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On page 25 of Ángel González Ureña's Cinética química (2001), appear the terms half-life time (of an intermediate) and relaxation time, but it refers to both of them with the letter $\tau$. Why is this?

Also, it defines half-life time as $\tau=\frac{c}{v}$, so when is first order $\tau=\frac{c}{kc}=\frac{1}{k}$, but this is the same value that for relaxation time (the time for the decreasing then initial concentration in $\frac1e$). So, are they essentialy the same? Can that formula be used in both cases? What I'm missing here?

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    $\begingroup$ Your textbook is confusing, if you define the decay as $\sim\exp(-kt)$ then we normally define $\tau=1/k$ where $\tau$ is called the lifetime or relaxation time. The half-life is $t_{1/2}=\ln(2)/k$. $\endgroup$
    – porphyrin
    Aug 23, 2022 at 13:33
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    $\begingroup$ @porphyrin So they are the same except for a factor of $\ln{2}$, right? $\endgroup$
    – Karsten
    Aug 23, 2022 at 13:45
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    $\begingroup$ They do differ by that factor, but they represent different things, $t_{1/2}$ is the time for the population to decease to $1/2$ its initial value , $\tau$ for the population to decrease to $1/e$ or $\approx 37$ %. $\endgroup$
    – porphyrin
    Aug 23, 2022 at 13:51

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The confusion is between the half-life ($t_\frac{1}{2}$) and the average life time ($\tau$). These terms seem to originate from the description of the first order decay of nuclei.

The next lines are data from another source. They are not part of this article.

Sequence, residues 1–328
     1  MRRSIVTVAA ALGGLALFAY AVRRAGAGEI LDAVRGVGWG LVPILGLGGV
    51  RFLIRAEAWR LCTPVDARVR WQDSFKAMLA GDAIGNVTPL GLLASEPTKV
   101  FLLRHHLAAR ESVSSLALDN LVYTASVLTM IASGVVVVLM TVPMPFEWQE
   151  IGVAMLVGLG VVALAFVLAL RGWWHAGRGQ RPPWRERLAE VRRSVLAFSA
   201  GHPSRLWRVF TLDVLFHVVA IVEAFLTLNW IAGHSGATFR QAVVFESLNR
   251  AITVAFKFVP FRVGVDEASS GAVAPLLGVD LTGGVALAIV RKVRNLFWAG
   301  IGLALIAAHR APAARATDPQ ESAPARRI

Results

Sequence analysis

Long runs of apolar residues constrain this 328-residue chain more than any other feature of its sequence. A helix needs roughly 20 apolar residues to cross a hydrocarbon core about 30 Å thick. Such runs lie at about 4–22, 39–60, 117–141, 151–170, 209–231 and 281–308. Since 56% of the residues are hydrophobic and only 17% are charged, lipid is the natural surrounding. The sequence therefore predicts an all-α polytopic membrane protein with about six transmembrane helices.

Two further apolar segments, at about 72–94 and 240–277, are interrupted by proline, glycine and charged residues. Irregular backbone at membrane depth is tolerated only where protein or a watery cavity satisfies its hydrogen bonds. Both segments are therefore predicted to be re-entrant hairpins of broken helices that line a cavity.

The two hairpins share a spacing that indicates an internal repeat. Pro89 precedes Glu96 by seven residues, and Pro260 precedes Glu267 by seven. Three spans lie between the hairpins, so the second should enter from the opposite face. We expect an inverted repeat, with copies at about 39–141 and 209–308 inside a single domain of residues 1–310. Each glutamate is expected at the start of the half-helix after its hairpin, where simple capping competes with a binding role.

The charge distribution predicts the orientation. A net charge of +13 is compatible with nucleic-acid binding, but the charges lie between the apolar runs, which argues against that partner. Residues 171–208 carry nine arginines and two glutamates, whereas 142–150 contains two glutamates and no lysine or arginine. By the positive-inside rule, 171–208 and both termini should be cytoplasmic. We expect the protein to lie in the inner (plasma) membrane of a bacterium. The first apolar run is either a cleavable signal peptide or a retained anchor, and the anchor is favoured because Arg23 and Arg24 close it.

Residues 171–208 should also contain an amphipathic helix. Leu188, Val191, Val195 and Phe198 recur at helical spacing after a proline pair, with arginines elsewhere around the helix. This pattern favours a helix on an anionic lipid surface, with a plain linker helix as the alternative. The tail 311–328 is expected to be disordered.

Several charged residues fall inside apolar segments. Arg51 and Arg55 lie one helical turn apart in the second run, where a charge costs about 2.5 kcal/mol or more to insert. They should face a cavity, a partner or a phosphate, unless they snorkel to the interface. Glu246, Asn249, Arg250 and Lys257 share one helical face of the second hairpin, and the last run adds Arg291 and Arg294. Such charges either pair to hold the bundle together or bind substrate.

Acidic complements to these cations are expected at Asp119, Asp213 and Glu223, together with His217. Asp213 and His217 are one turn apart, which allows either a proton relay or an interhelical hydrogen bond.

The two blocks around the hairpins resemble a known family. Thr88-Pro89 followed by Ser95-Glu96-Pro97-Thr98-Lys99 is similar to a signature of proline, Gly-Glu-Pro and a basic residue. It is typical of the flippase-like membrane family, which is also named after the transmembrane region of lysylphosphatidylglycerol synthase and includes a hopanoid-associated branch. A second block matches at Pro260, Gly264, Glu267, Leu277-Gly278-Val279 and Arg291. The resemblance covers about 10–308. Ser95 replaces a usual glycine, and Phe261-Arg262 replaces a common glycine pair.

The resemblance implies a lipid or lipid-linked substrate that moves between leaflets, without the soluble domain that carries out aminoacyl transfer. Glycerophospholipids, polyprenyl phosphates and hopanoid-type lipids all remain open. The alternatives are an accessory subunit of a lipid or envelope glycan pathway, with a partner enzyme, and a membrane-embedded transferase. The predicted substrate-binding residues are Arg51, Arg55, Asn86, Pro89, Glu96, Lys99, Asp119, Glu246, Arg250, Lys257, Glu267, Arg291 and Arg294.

For example, this source states:

Note that the radioactive half-life is not the same as the average lifetime, the half-life being 0.693 times the average lifetime.

And they illustrate this with the following set of expressions:

enter image description here

Why have two separate definitions? One (half-life) is the median time for a particle to decay, the other (average life time) is the average. For a symmetric distribution, these would be the same, but exponential decay is not symmetric.

Here is a juxtaposition of Spanish and English terms to the best of my knowledge:

  • Periodo de semirreacción: half-life of the reaction
  • Tiempo de relajación: relaxation time
  • Tiempo de vida media: average life time (of a particle, intermediate or transition state)

And finally:

  • Media: mean
  • Mediana: median

The last two seem very tricky to me because they look very similar (in both languages).

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  • $\begingroup$ Ok, thanks for the answer. I really appreciate it. But I'm sorry, I continue with the doubt of why the relaxation time equals the average lifetime of a nucleus decay. Are they just different definitions for different concepts but they rather equal in value? $\endgroup$ Aug 25, 2022 at 9:48
  • $\begingroup$ And yes, there are definitely tricky terms all around. $\endgroup$ Aug 25, 2022 at 9:52
  • $\begingroup$ Maybe they only equal for first order cases, but radioactive decay only makes sense in this order, we can only change the order for relaxation time instead. $\endgroup$ Aug 25, 2022 at 9:55

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